Archive for April 23rd, 2010

Friday, April 23, 2010

Referendum on ECFA: how it might happen

He doesn’t oppose a referendum on ECFA, Taiwan’s president Ma Ying-jeou (馬英九) said last week. However, the government has no authority to initiate a proposal to hold a referendum, he added.

But it will probably be up to his procurators in the referendum screening committee to review the matter.

The current referendum process was kicked off by former president Lee Teng-hui‘s (李登辉) Taiwan Solidarity Union (TSU) on March 21 this year. A petition for a referendum needs to pass two thresholds of popular support. A first petition needs signatures from at least 0.5 per cent, or 86,608 of the 17,321,622 eligible voters in the last presidential election. The referendum screening committee, apparently not directly belonging to the cabinet, but its members recommended by it and appointed by the president, will review the petition and its conformity with the requirements of the Referendum Act.

The petition concerning a referendum on ECFA was filed with the Central Election Commission on Friday (today, GMT), reportedly with signatures of 110,000 supporters, which would be 23,392 more than required in this first phase. Before passing the petition on to the screening committee, the Election Commission will probably have household registration authorities check that the signees of the petition were indeed eligible voters, and that no signatures were duplicated.

In a second phase, if passed by the screening committee, the referendum’s initiators will need to collect signatures from 5 percent, or 866,081 eligible voters, for the question to be put to referendum.

But Tsay Ting-kuei (蔡丁貴), convenor of the Taiwan Referendum Alliance, told the Taipei Times on April 13 that although it would be nice to see the TSU petition for a referendum passed by the Central Election Committee and for the second stage of the petition process to begin, “we do not anticipate this will happen under the current atmosphere created by [President] Ma Ying-jeou’s administration.

Hong Kong’s Ta Kung Pao, a Beijing-leaning paper, apparently doesn’t expect a referendum either:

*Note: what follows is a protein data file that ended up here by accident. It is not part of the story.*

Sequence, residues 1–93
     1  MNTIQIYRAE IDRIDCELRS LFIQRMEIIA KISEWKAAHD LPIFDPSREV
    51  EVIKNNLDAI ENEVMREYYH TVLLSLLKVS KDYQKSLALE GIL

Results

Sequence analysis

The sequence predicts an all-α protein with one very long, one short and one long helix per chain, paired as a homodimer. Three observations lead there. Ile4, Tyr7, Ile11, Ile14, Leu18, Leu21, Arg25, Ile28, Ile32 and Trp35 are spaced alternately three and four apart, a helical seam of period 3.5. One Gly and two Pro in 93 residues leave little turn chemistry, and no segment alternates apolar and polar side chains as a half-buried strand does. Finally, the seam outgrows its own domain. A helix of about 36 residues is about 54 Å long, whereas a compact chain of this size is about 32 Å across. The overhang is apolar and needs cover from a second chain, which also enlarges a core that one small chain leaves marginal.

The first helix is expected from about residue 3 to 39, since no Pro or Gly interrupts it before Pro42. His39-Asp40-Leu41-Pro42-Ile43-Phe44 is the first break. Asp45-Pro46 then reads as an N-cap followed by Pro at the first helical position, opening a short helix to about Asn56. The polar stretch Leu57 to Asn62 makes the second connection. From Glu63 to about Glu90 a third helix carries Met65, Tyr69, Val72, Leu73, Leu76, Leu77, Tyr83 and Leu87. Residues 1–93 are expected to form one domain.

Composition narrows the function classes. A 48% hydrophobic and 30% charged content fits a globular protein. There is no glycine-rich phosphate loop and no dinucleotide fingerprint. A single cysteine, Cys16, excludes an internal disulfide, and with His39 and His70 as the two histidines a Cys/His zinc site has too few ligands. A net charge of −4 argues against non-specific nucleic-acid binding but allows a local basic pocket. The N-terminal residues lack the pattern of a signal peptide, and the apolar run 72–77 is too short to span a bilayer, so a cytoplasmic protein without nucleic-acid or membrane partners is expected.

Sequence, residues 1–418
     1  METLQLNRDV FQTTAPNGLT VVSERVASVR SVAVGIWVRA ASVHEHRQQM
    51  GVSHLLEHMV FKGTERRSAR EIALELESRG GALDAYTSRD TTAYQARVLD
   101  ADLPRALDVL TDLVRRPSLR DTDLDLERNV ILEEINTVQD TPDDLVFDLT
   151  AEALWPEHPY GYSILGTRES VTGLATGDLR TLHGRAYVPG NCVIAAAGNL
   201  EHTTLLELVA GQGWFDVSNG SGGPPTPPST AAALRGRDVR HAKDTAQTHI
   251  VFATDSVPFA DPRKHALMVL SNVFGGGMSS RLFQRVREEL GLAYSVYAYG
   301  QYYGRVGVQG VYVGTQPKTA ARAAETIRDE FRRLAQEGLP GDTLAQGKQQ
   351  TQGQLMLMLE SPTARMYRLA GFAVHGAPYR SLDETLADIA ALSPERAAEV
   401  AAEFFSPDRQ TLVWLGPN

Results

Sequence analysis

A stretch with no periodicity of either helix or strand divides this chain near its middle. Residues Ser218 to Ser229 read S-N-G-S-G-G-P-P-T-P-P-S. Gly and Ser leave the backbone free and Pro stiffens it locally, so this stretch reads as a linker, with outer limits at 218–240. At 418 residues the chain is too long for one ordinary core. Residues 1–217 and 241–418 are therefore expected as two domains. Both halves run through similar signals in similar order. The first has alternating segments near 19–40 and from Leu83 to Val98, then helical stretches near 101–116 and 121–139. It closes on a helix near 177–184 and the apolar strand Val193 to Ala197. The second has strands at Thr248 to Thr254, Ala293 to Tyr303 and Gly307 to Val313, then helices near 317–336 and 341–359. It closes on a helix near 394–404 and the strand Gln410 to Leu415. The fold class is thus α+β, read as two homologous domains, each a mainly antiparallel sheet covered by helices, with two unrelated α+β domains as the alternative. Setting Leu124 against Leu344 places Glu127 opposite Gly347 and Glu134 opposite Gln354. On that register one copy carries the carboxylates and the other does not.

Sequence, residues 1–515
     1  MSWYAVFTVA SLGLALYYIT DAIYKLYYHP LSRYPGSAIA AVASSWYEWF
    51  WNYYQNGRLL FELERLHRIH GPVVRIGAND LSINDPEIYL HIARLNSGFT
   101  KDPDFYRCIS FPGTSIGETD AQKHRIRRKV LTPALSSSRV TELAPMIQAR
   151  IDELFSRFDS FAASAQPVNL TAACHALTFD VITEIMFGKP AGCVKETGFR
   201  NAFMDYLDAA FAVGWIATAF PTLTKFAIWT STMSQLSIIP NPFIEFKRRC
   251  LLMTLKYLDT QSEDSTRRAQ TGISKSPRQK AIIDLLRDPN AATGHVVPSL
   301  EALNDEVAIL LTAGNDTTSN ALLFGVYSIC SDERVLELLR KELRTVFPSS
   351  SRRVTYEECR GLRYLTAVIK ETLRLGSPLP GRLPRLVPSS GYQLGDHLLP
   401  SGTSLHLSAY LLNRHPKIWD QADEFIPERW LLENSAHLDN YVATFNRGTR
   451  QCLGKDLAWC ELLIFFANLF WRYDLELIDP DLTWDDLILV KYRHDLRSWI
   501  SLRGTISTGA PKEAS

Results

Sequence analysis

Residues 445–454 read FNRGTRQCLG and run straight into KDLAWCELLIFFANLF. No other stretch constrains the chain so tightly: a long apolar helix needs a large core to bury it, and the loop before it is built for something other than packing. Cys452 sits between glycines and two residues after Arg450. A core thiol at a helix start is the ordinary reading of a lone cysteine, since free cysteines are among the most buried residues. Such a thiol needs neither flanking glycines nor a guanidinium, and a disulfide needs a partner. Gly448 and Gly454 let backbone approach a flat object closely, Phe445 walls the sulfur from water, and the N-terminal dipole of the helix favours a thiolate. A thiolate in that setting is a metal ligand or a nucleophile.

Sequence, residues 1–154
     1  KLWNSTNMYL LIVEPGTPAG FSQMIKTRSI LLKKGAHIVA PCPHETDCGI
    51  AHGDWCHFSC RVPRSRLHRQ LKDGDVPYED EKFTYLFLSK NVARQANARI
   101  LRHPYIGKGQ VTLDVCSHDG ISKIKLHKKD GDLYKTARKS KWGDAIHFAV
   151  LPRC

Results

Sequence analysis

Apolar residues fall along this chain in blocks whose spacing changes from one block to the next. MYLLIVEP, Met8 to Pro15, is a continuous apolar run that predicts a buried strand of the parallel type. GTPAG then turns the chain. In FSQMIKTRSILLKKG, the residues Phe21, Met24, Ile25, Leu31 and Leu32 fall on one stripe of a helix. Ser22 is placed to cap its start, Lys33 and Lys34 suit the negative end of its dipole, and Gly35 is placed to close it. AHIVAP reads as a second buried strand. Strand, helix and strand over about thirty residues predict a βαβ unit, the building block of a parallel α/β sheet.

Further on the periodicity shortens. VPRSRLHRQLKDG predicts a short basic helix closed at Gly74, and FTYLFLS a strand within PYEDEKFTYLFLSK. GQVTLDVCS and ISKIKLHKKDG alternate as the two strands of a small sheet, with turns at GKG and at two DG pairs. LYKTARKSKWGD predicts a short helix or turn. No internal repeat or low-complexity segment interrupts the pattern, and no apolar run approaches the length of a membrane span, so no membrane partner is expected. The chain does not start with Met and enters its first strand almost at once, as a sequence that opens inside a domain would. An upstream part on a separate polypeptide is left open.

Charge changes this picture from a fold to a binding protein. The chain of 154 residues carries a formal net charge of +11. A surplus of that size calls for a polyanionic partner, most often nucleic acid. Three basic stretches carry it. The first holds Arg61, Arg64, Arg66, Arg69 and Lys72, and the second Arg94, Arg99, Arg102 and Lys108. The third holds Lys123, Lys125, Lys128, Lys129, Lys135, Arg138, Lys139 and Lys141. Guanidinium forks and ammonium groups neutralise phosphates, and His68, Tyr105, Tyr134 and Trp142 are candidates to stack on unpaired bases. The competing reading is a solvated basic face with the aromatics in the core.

[Presidential] aides say that while the Green Camp is now strongly against ECFA, one has to remember that all the Ma government’s decisions since it assumed office have proven to be accurate. Now the DPP ostensibly condemns ECFA, but they do actually know that when ECFA comes into effect, it will invigorate Taiwan’s economy, enhance the competitiveness of Taiwan’s exports, and when it leads to the government’s success, the DPP will definitely pretend once again that this wasn’t the case. The Ma government believes that promoting ECFA amounts to step-by-step improvement, and the gains will emerge over time.

幕僚表示,虽然绿营现在反ECFA的声势浩大,但回顾 马政府上任以来各种政策推行,几乎每一项民进党都反对,但最后都证明政府决策正确性没有问题。现在民进党表面上骂ECFA,其实他们也知道,等 ECFA真的上路后,将可以活络台湾经济,提升台湾出口竞争力,等到政府真的做出成绩,民进党肯定会再假装没有这回事;马政府相信,推动ECFA也会像「倒吃甘蔗」, 成果将会随时间加乘浮现。

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Related
April 25 ECFA Debate Broadcasting Schedule, 2010
Lee Teng-hui: ECFA first Step in Annexation, April 18, 2010
Hong Kong: How to Corrupt an Open Society, Aug 29, 2009

Friday, April 23, 2010

Drop that Trident

Pretty unnoticed outside the Empire, a potential prime minister made his critics go ballistic in a global security row.

Let me answer that directly because I think it’s important. I think the most important duty of any government, anyone who wants to be Prime Minister of this country, is to protect and defend our United Kingdom. And are we really happy to say that we’d give up our independent nuclear deterrent when we don’t know what is going to happen with Iran, we can’t be certain of the future in China, we don’t know exactly what our world will look like? I say we should always have the ultimate protection of our independent nuclear deterrent.  That’s why we voted to make sure that happened.

David Cameron, leader of the Conservative Party and the UK opposition in Parliament, replying to Liberal Democrats leader Nick Clegg‘s question in the prime ministerial debate (BBC, April 15) if the Trident nuclear system was still important.

To put China and Iran in the same bracket is an insult to a follow [or fellow] permanent member of the UN security council and to a country with whom we have just announced a close strategic relationship. David Cameron should withdraw this slur now.

David Miliband, UK foreign secretary, in a statement shortly after the debate

The reality is that Cameron forgot who the superpower is. […] Crucially, courting China will play a key role in dealing with the pressing Iranian nuclear issue. China is Iran’s biggest export partner, and sells it back refined oil. Time magazine urged Barack Obama this month to ‘replace US outdated ideas for dealing with China’ and ‘to move beyond cold war containment’.

James Denselow, journalist, in the Guardian, April 22, 2010

Any Chinese who vote for the Tories are turkeys voting for Christmas. Or ducks voting for the spring festival. With hoi sin sauce, if not relish

Anna Chen (Madam Miaow), Labour List, April 15 or 16

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